Anti-government protesters rally in Bangkok on Monday. Photo: AP
Bangkok: Anti-government protesters have set-up camps that resemble pop concerts in front of huge stages at key intersections in the Thai capital, creating traffic chaos in the city of 12 million people.
“We will be here until the government removes itself,” one of the organisers Nataphol Teepsuwan said amid thousands of protesters at Asoke on Sukhumvit Road, a busy intersection.
Implementing what they are calling “operation shutdown” protesters have set up tents, lighting, kitchens, medical centres and other facilities at protests sites across the city, including outside shopping malls popular with foreign tourists.
Protest leader Suthep Thaugsuban with supporters in Bangkok on Monday. Photo: AP
Many of the protesters, wearing tee-shirts emblazoned with “shutdown”, danced to loud music while others blew whistles, waved flags or dozed in nearby tents in the middle of roads that are packed with 70,000 vehicles on a normal day.
Others marched to government offices, aiming to cripple the government of prime minister Yingluck Shinawatra and force her to resign and call off elections scheduled for February 2.
But two shooting attacks at one protest site and another outside the headquarters of the opposition Democrat party early on Monday stoked fears the camps may be targeted during the night.
Only one man was wounded in the latest attack but eight people have been killed and scores injured during two months of political unrest that some analysts fear could escalate into prolonged violence or possibly even civil war.
In a show of power, pro-government red shirts rallied in more than 50 provincial cities and towns as authorities said they are ready to declare a state of emergency if there is fresh unrest.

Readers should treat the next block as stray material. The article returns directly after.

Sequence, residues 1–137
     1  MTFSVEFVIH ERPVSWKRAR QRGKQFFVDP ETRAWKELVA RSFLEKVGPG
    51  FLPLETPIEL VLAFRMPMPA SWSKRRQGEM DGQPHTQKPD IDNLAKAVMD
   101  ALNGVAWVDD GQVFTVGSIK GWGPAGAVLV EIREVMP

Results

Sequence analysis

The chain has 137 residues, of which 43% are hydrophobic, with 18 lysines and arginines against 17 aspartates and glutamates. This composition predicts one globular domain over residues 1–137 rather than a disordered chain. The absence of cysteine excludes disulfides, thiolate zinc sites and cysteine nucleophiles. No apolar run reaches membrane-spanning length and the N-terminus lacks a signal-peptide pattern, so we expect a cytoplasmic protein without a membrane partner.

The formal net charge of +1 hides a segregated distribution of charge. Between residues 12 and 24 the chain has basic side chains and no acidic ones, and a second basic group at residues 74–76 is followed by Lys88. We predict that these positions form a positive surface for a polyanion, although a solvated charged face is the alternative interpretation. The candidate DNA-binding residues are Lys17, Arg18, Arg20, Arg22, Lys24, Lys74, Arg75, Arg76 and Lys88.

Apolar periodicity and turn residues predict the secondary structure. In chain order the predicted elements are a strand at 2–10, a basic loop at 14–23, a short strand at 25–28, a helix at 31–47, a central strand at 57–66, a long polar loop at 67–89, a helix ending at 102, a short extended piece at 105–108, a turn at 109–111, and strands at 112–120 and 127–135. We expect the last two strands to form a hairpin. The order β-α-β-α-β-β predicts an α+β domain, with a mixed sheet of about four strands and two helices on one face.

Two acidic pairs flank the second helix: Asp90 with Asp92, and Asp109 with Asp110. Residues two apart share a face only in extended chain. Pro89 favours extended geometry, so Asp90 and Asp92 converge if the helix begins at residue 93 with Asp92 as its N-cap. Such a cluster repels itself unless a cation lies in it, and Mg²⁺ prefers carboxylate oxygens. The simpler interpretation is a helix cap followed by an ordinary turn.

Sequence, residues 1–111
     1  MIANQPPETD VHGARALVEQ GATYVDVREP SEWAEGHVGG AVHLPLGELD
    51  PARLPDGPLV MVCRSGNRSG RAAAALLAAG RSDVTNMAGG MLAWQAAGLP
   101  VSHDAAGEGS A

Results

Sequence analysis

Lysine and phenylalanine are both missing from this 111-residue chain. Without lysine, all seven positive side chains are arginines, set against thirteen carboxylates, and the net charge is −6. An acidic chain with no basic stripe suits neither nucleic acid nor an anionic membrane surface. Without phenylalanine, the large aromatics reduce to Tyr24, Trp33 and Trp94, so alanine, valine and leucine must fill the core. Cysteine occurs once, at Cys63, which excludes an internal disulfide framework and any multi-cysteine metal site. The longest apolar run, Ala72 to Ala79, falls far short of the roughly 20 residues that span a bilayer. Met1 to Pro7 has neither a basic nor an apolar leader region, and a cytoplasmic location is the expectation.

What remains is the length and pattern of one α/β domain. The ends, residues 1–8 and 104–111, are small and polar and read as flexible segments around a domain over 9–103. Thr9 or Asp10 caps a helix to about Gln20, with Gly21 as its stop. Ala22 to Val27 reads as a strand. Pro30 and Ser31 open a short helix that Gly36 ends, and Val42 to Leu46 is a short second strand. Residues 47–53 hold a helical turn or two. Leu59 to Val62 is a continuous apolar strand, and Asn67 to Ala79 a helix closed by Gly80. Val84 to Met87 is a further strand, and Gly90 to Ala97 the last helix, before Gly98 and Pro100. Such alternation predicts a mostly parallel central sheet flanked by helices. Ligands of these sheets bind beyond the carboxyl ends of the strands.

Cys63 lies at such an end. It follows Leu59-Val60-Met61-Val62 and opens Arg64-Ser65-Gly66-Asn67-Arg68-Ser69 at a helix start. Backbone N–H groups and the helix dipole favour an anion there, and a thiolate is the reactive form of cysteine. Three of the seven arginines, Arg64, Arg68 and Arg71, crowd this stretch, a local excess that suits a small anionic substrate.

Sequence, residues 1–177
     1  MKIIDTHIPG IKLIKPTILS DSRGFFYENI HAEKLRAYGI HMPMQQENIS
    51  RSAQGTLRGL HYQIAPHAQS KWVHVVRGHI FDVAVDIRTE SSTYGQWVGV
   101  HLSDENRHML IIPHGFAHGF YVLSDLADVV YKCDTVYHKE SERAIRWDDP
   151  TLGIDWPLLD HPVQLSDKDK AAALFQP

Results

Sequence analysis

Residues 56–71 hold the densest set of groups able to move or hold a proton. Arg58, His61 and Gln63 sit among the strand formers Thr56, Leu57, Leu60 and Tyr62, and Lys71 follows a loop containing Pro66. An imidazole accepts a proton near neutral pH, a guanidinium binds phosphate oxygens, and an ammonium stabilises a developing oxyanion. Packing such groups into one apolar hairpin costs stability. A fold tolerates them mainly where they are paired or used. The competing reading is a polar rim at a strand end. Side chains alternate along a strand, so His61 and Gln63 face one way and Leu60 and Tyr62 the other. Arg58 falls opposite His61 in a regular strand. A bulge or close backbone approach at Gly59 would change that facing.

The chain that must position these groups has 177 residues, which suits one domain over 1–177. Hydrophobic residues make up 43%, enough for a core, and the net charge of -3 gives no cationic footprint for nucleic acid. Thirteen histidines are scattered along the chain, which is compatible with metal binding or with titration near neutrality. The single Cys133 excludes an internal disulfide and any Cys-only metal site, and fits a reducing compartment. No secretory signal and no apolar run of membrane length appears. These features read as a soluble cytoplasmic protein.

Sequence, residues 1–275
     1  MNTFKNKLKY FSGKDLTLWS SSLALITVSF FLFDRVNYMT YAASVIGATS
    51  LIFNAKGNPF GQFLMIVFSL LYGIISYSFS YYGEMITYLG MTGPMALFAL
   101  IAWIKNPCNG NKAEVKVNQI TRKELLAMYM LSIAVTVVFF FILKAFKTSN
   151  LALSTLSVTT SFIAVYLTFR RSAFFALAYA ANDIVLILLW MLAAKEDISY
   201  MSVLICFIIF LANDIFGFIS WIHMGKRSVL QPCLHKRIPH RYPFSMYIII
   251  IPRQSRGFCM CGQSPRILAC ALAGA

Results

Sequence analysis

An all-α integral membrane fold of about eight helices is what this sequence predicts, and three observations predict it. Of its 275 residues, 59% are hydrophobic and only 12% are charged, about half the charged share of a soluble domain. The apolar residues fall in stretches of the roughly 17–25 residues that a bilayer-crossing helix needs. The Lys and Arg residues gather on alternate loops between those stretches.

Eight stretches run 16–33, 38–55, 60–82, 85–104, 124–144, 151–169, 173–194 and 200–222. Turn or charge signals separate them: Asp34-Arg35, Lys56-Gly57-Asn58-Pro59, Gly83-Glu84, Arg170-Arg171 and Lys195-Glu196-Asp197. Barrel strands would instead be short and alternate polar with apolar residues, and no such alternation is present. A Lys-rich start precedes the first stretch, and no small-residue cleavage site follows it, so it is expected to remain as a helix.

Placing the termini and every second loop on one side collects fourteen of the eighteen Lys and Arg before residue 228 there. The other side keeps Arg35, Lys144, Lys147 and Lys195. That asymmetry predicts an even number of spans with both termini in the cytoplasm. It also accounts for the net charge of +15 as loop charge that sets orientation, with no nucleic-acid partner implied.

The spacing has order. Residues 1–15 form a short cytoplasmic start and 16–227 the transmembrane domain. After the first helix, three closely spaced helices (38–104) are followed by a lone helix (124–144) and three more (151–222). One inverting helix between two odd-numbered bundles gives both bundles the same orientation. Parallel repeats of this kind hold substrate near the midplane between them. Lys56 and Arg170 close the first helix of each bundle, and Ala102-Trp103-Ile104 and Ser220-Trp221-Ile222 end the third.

More than 20,000 security forces did not attempt to prevent the Bangkok protesters blockading intersections on Sunday night and early on Monday, apparently following orders not to intervene unless violence erupts.
Protest leader Suthep Thaugsuban, a former deputy prime minister, repeated a vow that he will not negotiate with the government to end the crisis that is dragging down the Thai economy.
“In this fight, defeat is defeat and victory is victory. There is no tie,” he said.
“The masses from all walks of life have woken up. They’re aware that we are the owners of Thailand.”
Thai authorities, worried that foreign tourists arriving in Bangkok will be unable to reach their hotels, have issued stickers for taxis carrying travellers from the main Suvarnabhumi airport, hoping protesters will let them pass through the blockades.
But no lanes were kept clear at most of the sites and airport authorities said travellers should take the elevated train to and from the airport.
Ms Yingluck called the snap election in an attempt to defuse the crisis that was prompted by a failed attempt in September to introduce an amnesty bill in parliament that would have allowed her brother Thaksin Shinawatra to return from exile without having to serve a two-year jail sentence for corruption.
The Democrat party, the main opposition, is boycotting the election, and the organising Election Commission has recommended polls should be delayed after protesters in some areas prevented candidates from registering.
The turmoil is the latest in an eight-year conflict that in broad terms pits middle class Thais and those from opposition strongholds in southern provinces against mostly poor rural Shinawatra supporters.
The protesters accuse Ms Yingluck of being a puppet of Thaksin, a former prime minister ousted in a 2006 coup who they accuse of being corrupt.
Australia’s smartraveller.gov.au advises Australians to exercise a high degree of caution while in Thailand and to stay away from protests, while the US embassy in Bangkok has recommended that residents stockpile two weeks of required cash, food and water.